Flashcards in Quiz 2 Deck (16):
1) What is clinical reasoning
2) Is clinical reasoning synonymous with clinical decision making? Are they different?
1) ** Clinical reasoning can be summarized as the THINKING and DECISION-MAKING of a health care provider in clinical practice.
Clinical Reasoning is the process by which a therapist interacts with a patient, collecting information, generating and testing hypotheses, and determining optimal diagnosis and treatment based on the information obtained.
"A process of reflective inquiry, in collaboration with a patient or family, which seeks to promote a deep and contextually relevant understanding of the clinical problem, in order to provide a sound basis for clinical intervention."
*** Clinical reasoning can be defined as
the sum of the critical THINKING and DECISION-MAKING processes associated with clinical practice within the health professions.
2) YES. Clinical reasoning is defined as the THINKING or judgment behind one’s action, and clinical
decision-making is the ACTION (decision) on this process.
What are factors that influence or are part of clinical reasoning:
- Mutual decision making
- Consultation of patient and family
- Patient context or life situation
- PROFESSION (discipline)-SPECIFIC knowledge
- Metacognitive skills
- Clinician judgement / beliefs
- Consult other health professionals
- Clinical experience
- Clinician knowledge and analyzing data (from eval)
- Clinical decision (action)
Novice (rookie) clinicians rely on what for clinical reasoning/decisions:
Experienced clinicians (experts) rely on what for clinical reasoning/decisions:
Novice clinicians: are more likely to use a hypothetico-DEDUCTIVE reasoning process
Expert clinicians: usually rely on PATTERNS OF RECOGNITION (experience) to solve patient problems. INDUCTIVE reasoning.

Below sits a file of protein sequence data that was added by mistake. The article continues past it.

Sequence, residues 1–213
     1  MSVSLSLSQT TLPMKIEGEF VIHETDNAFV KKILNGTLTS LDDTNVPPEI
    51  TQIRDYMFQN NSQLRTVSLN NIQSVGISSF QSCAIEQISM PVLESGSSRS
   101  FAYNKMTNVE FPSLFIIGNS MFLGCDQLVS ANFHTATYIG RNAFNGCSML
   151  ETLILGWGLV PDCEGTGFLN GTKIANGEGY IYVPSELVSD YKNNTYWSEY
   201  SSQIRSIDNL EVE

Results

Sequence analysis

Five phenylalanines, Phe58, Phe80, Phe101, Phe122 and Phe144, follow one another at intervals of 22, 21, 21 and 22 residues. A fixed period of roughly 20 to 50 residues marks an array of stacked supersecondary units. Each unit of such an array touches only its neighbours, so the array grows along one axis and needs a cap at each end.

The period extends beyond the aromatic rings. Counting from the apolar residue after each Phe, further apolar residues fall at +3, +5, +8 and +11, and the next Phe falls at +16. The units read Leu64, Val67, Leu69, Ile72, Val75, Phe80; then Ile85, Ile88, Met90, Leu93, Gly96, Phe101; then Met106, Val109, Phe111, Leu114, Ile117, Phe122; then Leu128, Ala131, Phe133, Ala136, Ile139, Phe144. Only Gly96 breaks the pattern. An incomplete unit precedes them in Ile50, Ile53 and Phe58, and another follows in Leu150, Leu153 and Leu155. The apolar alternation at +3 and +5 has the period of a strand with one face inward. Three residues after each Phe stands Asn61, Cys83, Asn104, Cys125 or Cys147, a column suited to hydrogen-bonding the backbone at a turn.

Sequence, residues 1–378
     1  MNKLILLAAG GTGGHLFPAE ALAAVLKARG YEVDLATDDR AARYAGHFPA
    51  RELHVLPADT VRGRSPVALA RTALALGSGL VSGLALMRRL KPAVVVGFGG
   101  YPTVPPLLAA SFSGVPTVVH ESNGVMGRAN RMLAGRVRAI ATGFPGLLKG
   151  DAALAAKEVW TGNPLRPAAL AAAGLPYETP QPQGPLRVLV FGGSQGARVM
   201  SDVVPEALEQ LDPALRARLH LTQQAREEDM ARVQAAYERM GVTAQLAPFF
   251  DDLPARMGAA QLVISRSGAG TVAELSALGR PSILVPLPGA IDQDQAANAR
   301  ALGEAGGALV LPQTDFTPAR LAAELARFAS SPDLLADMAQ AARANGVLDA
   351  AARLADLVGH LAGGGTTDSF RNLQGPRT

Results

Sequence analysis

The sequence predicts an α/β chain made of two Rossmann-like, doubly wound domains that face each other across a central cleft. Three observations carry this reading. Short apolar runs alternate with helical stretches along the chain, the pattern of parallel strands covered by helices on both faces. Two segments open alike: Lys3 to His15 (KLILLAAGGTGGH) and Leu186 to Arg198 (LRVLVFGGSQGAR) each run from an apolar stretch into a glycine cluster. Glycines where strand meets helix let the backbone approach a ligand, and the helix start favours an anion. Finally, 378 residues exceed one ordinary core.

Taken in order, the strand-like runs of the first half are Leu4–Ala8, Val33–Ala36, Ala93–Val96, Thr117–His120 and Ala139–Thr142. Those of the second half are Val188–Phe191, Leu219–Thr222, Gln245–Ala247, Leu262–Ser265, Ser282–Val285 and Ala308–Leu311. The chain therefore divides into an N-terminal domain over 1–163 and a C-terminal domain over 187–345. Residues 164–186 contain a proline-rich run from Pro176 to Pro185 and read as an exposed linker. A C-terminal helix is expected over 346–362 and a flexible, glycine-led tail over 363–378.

What is hypothetico-deductive reasoning:
What is Pattern Recognition (inductive reasoning):
Do novices or expert clinicians use hypothetico-deductive reasoning?
Generation of a hypothesis based upon results of tests and measures, followed by testing this hypothesis.
Quick retrieval of information from well structured knowledge based upon previous clinical experience.
Difference between deductive reasoning vs. inductive reasoning:
Deductive reasoning moves from generalized principles that are known to be true to a true and specific conclusion.
Inductive reasoning moves from specific instances into a generalized conclusion
T or F: Reflection (whether written, thought, or verbal),
is a necessary and powerful tool in the development of clinical reasoning skills
What is the One Minute CI
Capitalizes on teaching moments and requires the learner to form opinions regarding specific clinical problems.
• Step 1: Ask the learner to state an opinion about the issues presented in the clinical case.
• Step 2: Ask the learner for evidence to support this opinion.
• Step 3: The CI then provides the learner with specific information that can be directly applied to the clinical problem at hand.
• Step 4: The CI reinforces the learner’s correct assumptions and actions and addresses any mistakes or misconceptions.
1) What is Deductive Reasoning:
2) What is Inductive Reasoning:
3) Should you favor one over the other?
4) Which one is more structured?
5) Which one relies on clinical experience or recognition of familiar patterns?
1) Deductive: Deductive reasoning strategies include use
of the hypothetico-deductive method and emphasize HYPOTHESIS GENERATION on the basis of information gathered from the patient through interviewing and questioning to develop an initial hypothesis. Using a deductive reasoning approach, additional information including results from tests and measures is collected and interpreted in a cyclical process to disprove or confirm a hypothesis or diagnosis by comparing options.